Chapter 21: Home
Wizards and witches, goblins and ghouls poured into Hogwarts in the days preceding Dumbledore's funeral. Remus apparated into Hogsmeade daily. He saw Bill at the infirmary, checked on Harry, Hermione, Ron, and Ginny, and finally made his way to Tonks's tiny flat. They spent several melancholy evenings at the Three Broomsticks, staring into their pints of butterbeer.
"Are you taking charge of the Order now?" she asked.
"I suppose. Dumbledore said—he gave me instructions. Almost as if he knew." Remus drummed his fingers on his still full mug of butterbeer. "I didn't quite realize that Dumbledore could die. At least—not so suddenly."
"You loved him." It was a statement, not a question.
"I did. He gave me a chance. He was the only reason why I got to go to Hogwarts as a student, and the only reason why I got to go back as a teacher. When I was a boy, he was the only adult I knew—other than my parents—who thought werewolves could be mainstreamed." Remus paused. "He didn't even see me as a werewolf. He saw me as a smart kid, rather sickly, rather shy, who needed encouragement. He made me a prefect. He got me my first teaching job. He brought me into the Order. When James and Sirius thought I was passing information to the Death Eaters, Dumbledore trusted me." Remus winked a tear out of his eye. "Though I think he suspected Sirius."
Tonks put her hand on Remus's. "You're missing him too."
"So are you."
"I'm too new at this—losing people. I don't understand how you've lived through two wars."
"I hope it's only two, and not a war every fifteen years for the rest of our lives. As long as Dumbledore was alive, I didn't doubt we would win. I knew it would be costly, and I feared it would be long, but I was absolutely certain we could bring down Voldemort in the end. Without him—and without Severus—I don't know."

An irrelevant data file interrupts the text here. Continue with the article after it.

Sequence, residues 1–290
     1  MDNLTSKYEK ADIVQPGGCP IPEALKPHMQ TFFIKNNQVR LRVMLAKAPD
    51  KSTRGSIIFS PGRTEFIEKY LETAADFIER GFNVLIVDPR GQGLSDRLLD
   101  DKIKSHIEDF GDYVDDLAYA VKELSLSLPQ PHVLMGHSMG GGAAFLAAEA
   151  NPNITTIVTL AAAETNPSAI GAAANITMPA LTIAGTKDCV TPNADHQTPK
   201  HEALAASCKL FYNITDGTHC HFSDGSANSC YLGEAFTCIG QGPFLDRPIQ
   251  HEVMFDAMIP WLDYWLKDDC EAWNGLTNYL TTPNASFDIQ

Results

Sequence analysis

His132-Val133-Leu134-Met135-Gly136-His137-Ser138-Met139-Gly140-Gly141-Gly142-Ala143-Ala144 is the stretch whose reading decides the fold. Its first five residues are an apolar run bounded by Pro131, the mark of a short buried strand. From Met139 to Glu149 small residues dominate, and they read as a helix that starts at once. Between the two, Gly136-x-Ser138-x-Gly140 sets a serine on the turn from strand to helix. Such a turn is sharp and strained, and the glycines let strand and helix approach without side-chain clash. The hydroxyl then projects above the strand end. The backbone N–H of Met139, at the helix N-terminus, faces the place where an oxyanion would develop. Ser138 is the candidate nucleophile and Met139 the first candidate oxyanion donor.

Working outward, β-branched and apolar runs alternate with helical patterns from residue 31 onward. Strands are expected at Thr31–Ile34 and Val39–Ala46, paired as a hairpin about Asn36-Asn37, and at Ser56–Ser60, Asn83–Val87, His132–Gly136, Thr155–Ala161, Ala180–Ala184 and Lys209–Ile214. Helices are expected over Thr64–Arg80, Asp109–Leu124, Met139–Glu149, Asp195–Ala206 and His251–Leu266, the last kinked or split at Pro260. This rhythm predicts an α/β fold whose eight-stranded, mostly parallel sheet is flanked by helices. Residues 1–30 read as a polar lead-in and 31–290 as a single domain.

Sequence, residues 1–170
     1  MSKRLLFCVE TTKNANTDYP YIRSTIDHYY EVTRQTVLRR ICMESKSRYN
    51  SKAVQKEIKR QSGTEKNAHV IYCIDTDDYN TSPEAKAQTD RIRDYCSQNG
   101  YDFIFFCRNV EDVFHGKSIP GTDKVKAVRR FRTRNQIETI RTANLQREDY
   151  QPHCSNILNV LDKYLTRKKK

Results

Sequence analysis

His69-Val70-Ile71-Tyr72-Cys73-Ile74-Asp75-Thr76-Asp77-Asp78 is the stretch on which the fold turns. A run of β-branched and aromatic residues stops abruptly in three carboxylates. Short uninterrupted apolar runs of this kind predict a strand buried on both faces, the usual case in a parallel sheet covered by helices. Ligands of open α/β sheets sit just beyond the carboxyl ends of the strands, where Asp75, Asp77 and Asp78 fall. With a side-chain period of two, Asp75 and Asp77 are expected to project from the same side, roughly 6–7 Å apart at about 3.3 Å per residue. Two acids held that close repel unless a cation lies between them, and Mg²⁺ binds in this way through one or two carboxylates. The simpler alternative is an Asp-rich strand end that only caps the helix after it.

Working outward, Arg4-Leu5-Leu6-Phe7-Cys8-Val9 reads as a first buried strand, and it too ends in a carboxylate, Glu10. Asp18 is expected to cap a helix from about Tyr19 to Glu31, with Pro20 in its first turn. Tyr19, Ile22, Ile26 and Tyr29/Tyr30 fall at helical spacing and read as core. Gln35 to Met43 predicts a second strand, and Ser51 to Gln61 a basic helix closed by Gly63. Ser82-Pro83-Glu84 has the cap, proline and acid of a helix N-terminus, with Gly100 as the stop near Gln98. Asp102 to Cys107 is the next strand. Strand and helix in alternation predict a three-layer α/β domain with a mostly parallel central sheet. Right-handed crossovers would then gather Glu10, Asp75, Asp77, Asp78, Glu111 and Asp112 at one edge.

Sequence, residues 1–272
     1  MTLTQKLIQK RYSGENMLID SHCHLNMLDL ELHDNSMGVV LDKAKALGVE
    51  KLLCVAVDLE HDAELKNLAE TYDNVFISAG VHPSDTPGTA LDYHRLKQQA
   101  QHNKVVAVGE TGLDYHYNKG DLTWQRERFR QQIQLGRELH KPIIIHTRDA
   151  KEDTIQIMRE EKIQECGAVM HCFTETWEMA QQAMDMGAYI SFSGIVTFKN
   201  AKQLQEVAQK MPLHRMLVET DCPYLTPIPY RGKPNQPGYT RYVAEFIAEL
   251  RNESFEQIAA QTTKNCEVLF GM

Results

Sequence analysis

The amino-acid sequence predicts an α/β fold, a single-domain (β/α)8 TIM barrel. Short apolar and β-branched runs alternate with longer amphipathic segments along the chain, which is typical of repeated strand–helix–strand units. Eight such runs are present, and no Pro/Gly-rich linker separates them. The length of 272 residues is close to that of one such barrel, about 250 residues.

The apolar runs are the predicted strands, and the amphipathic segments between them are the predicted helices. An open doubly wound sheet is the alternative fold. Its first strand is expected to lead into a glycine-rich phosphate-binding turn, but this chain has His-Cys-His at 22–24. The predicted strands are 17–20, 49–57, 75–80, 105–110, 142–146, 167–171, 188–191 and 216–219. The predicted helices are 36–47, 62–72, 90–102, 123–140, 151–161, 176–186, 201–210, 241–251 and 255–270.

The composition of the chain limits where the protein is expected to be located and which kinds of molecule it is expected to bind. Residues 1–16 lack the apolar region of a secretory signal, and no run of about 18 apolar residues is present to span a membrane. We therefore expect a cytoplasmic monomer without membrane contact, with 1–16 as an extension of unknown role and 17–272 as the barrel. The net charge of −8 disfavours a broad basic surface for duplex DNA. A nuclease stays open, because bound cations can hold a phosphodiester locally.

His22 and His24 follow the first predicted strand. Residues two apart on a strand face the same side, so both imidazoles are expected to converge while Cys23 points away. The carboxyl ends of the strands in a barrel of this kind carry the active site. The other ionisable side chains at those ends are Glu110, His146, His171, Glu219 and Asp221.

"We've got Harry."
Remus nodded sadly. "Harry is a mysterious and wonderful boy—man. But Harry is also mortal."
Another silence opened between them. Tonks sipped her butterbeer. Then suddenly she said, "Remus." He looked up. "What changed? I mean, so that you are now maybe possibly considering the wisdom of marrying me. Was it Bill, or was it Dumbledore's death?"
"It was Molly and Arthur. If Molly and Arthur and Minerva and," he smiled wryly, "Fleur all think that werewolves can marry, and they still think that after what happened to Bill, then maybe they're right. Dumbledore thought werewolves should be mainstreamed. Sometimes I thought he trusted me too much. But Dumbledore was right about most things, so maybe he was right about this." Remus paused. "All of a sudden, it feels like a whole new world. Not a world I wanted—but if Dumbledore can be murdered, just like that, in a wave of a wand, all sorts of other strange things might be possible. Even you and me."
"Are you still afraid of hurting me?"
"Yes. All the time. I've seen far too graphic depictions of my own capacity for violence, in the Shrieking Shack and in my dreams. But when I was underground this year, I started to realize that what you kept telling me contained a measure of truth. I'm not like most werewolves. It's not because I'm nice and tame and safe, but at least I haven't deliberately honed my taste for violence. I'm bitter, but mostly towards Fenrir Greyback and his gang, not towards the wizarding community. I've made choices that make me different." Remus smiled wryly. "Another thing that Dumbledore used to say."
After the burial Remus turned to Tonks. "What are your plans tonight?"
"A blank. Yours?"
"Are you going back to the werewolves?"
"Tomorrow. Briefly. I need to see Jonathan Longsnout again. I'll set up a reporting mechanism if he's willing."
"Fenrir Greyback is on to you."
"Yes," acknowledged Remus. "But he has been for a while. Since, say, October."
"I suppose you need to go."
"I'm not sure that I really do need to go. I'm doing it mostly for Dumbledore. I'm going to finish following directions before I start giving directions. When I come back we'll have to start from scratch. I never imagined fighting Voldemort without Dumbledore." He paused. "But you can have this evening," he offered gently.
"Come back to Hogsmeade, then."